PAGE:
Women Letter Writers and the Construction of a European Space

By choosing the epistolary genre, Mme de Staël (1766-1817) expressed her attachment to this form of expression, which allowed her to disseminate her thought across Europe even while in exile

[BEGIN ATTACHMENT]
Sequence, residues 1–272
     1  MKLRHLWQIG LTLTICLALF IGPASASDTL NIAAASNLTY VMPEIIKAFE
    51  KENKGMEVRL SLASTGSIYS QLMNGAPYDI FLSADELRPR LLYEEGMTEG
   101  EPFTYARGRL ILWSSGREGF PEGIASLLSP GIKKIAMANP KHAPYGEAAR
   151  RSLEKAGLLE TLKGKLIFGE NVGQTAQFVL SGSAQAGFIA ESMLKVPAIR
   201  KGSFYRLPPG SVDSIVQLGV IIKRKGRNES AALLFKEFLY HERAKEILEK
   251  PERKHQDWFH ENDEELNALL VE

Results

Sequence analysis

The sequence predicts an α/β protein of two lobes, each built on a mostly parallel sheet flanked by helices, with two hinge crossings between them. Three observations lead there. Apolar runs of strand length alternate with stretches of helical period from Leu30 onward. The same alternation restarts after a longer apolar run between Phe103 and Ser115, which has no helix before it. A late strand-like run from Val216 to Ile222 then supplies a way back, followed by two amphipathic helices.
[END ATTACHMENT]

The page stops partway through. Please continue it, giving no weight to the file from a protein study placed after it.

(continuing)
As a result of the expansion of space and acceleration of time that followed the upheavals of the French Revolution, and seized by the mobility and modernity of the moment, women flouted an epistolary medium that had largely been limited to the domestic sphere, and transformed their correspondence into a networking of the new European space. They transgressed both borders and gender differences, and mapped out a new cartography of the continent in which they had a role and visibility. They also built a constellation of epistolary exchanges, which they sometimes used to convey public opinion on the European scale. A transformation took place during the nineteenth century, as the epistolary medium became a public form of writing in publications that were specifically epistolary in character—Briefroman, letter novels, fictional correspondence, open letters—and that signaled women’s initial entry into the political sphere.